Lake Street is home to Wayzata’s newest art gallery, Burnet Fine Art & Advisory, which opened in September. This isn’t the first gallery venture for owner Ralph Burnet and director Jennifer Phelps—they previously collaborated on the Burnet Gallery, which was housed at Le Meridien Chambers hotel in Minneapolis from 2006 to 2015.
The new Wayzata space is a continuation of the Burnet Gallery and brings a similar focus on contemporary artists, from local to national and international. “We do have artists who are in museums, but also artists from the local community, so there’s a wide range, which is really fun,” Phelps says. “You can come in and see an artist from Minneapolis hanging right next to an artist with an international reputation.”
After the Burnet Gallery closed in 2015, Phelps was working on her own as an art consultant. Then, she says, Burnet thought that with Wayzata “just booming, with a lot of restaurants, a new hotel going in, and streets just packed with people having a great time and roaming around,” it would be a great time to open a gallery there. “So he decided to open one with the idea that other galleries will follow, and maybe we can even have a gallery scene out here,” Phelps says.
Burnet has lived in Wayzata for more than 30 years and felt sure the community would support an art gallery. “We love the idea of Wayzata. And based on early response, Wayzata is the right decision,” he says. Burnet says art has been a passion for him and his wife, Peggy, for more than 35 years. His primary business was real estate; he started Burnet Realty—now Coldwell Banker Burnet—45 years ago and recently retired. “Now I’m in the art world,” he says. “It’s the best.”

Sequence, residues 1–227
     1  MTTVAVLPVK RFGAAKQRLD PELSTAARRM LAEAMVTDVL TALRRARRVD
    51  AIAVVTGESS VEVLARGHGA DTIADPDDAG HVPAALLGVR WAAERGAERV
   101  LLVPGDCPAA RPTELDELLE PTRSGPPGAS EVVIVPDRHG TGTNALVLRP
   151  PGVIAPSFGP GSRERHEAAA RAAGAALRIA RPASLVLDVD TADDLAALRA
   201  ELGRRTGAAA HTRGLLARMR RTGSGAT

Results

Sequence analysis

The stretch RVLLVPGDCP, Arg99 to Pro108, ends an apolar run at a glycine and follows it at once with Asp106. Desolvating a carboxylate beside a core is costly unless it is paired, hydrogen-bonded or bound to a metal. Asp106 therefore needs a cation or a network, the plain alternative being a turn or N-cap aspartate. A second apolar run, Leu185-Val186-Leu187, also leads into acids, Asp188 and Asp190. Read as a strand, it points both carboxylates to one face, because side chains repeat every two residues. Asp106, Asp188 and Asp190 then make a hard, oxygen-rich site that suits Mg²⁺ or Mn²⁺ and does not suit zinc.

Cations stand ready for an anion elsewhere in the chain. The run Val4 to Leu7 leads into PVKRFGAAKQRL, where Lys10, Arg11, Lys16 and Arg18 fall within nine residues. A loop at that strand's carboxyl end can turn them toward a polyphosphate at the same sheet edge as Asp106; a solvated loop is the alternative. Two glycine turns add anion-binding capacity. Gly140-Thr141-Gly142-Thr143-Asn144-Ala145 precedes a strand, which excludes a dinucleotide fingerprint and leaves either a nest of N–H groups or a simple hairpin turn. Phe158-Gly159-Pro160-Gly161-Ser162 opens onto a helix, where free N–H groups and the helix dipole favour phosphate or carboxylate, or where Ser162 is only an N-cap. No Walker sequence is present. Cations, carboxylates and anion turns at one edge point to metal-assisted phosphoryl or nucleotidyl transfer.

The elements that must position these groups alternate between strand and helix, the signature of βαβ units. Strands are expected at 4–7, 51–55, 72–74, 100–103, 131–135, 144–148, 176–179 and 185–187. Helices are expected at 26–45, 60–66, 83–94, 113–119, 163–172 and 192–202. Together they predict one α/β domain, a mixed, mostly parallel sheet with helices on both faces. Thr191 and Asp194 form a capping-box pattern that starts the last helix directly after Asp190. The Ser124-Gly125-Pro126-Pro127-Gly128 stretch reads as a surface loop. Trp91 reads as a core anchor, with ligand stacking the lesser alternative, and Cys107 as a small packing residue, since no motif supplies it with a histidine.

The new gallery’s collection and sales branch is similar to the Minneapolis location, but what’s new is the advisory portion of the business. “It was something we noticed was lacking and we really wanted to do,” Phelps says. There are a few components to the advising. First, staff can help customers find work from a particular artist. Another service is to recommend artwork within a budget. “And if someone is downsizing or has been given something from their parents and it’s been under the bed for five million years, or has artwork and they don’t know what to do with it, we can help,” Phelps explains. Burnet staff also offer guidance on investing in art. Phelps says they can recommend artists they feel will do well in the market.
Another important thing to the gallery is the idea of “art for all.” “We want anyone with any budget to come in and feel comfortable,” Phelps says. “Some things are $200, and some are 10 or 15 times that, so it’s a wide price range.” But the gallery isn’t just about buying and selling art—it will have a couple exhibitions a year, and in between those there will be artwork always on display and rotation. Phelps and Burnet also want to have educational talks and artist talks as part of their schedule. “Come down and see us,” Phelps says. “We’ll be that blast of color and fun in the middle of January. It’s a great place to learn about and see artists you might not see on a day-to-day basis.”